Health officials say Manitoba saw an increase in COVID-19 deaths, cases and ICU admissions linked to the virus last week.
The province’s latest epidemiology update, which covers July 17 to July 23, reports 242 new lab-confirmed COVID-19 infections and 45 new hospitalizations — eight of which required intensive care.
In the previous week 171 new cases were announced. There were also 52 hospitalizations reported last week, including two admitted to ICU.
The number of people currently in hospital and ICU as a result of COVID-19 isn’t clear, because the province no longer reports those numbers.
Officials say three Manitobans with COVID-19 died during the time covered in the latest report.
There were two COVID-19-related deaths reported in the previous week’s epidemiology update.
While three deaths were reported in the latest update, Manitoba’s COVID-19 death toll since March 2020 rose five from last week to 2,061
The province has told Global News the number of deaths can fluctuate week to week as previous cases are confirmed or removed from the list.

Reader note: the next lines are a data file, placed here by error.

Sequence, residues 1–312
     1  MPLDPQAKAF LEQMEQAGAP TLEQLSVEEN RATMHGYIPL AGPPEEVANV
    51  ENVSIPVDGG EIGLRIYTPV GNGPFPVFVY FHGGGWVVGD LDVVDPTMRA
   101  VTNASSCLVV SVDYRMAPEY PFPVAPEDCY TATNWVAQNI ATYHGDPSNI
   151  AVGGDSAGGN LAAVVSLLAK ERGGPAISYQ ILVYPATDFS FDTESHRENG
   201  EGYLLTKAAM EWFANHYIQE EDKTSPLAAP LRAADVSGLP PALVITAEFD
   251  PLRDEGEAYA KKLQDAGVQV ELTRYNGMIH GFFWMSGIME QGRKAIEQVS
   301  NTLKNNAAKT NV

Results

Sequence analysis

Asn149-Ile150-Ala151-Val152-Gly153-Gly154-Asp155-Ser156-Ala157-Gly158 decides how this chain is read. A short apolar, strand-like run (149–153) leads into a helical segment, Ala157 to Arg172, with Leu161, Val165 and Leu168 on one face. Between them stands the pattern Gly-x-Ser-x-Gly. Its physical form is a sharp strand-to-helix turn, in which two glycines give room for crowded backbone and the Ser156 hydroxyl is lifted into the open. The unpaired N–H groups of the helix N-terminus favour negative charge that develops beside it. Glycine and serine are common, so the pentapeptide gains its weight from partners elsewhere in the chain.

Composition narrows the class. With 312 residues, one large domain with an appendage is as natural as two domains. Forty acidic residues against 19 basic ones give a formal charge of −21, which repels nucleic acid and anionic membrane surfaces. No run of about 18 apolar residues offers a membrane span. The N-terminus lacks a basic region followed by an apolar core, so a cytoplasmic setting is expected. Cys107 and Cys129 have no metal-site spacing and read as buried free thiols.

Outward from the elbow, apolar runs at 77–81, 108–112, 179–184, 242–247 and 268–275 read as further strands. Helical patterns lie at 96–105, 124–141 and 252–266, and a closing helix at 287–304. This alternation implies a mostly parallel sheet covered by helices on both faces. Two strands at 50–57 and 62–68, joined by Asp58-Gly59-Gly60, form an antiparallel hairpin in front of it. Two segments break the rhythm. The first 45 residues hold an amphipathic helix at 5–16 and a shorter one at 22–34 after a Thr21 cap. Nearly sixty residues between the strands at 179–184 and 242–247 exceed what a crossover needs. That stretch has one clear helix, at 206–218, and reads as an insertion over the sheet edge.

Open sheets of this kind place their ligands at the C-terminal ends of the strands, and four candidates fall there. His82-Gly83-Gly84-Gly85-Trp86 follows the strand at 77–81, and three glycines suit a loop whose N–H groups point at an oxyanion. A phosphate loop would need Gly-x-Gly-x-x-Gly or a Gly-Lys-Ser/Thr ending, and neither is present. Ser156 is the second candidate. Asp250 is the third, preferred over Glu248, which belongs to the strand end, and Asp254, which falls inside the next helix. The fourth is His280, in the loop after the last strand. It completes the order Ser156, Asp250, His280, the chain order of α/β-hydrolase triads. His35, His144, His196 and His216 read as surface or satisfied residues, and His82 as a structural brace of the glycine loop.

With an average of 269 tests completed a day, Manitoba’s positivity rate of lab tests rose to 17.1 per cent from 13.9 per cent the previous week.
Provincial case counts and test positivity rates don’t necessarily give an accurate picture of active infection rates, however, because the government has significantly scaled back testing and the data doesn’t include the results of tests done at home.
Officials said there were four new outbreaks at long-term care homes last week, including Fairview Personal Care Home and Rideau Park Personal Care Home in Brandon, Hartney Personal Care Home in Hartney, and Charleswood Care Centre in Winnipeg.
There was also one new hospital outbreak reported at the Health Sciences Centre in Winnipeg.
Questions about COVID-19? Here are some things you need to know:
Symptoms can include fever, cough and difficulty breathing — very similar to a cold or flu. Some people can develop a more severe illness. People most at risk of this include older adults and people with severe chronic medical conditions like heart, lung or kidney disease. If you develop symptoms, contact public health authorities.
To prevent the virus from spreading, experts recommend frequent handwashing and coughing into your sleeve. They also recommend minimizing contact with others, staying home as much as possible and maintaining a distance of two metres from other people if you go out. In situations where you can’t keep a safe distance from others, public health officials recommend the use of a non-medical face mask or covering to prevent spreading the respiratory droplets that can carry the virus. In some provinces and municipalities across the country, masks or face coverings are now mandatory in indoor public spaces.
For full COVID-19 coverage from Global News, visit our coronavirus page.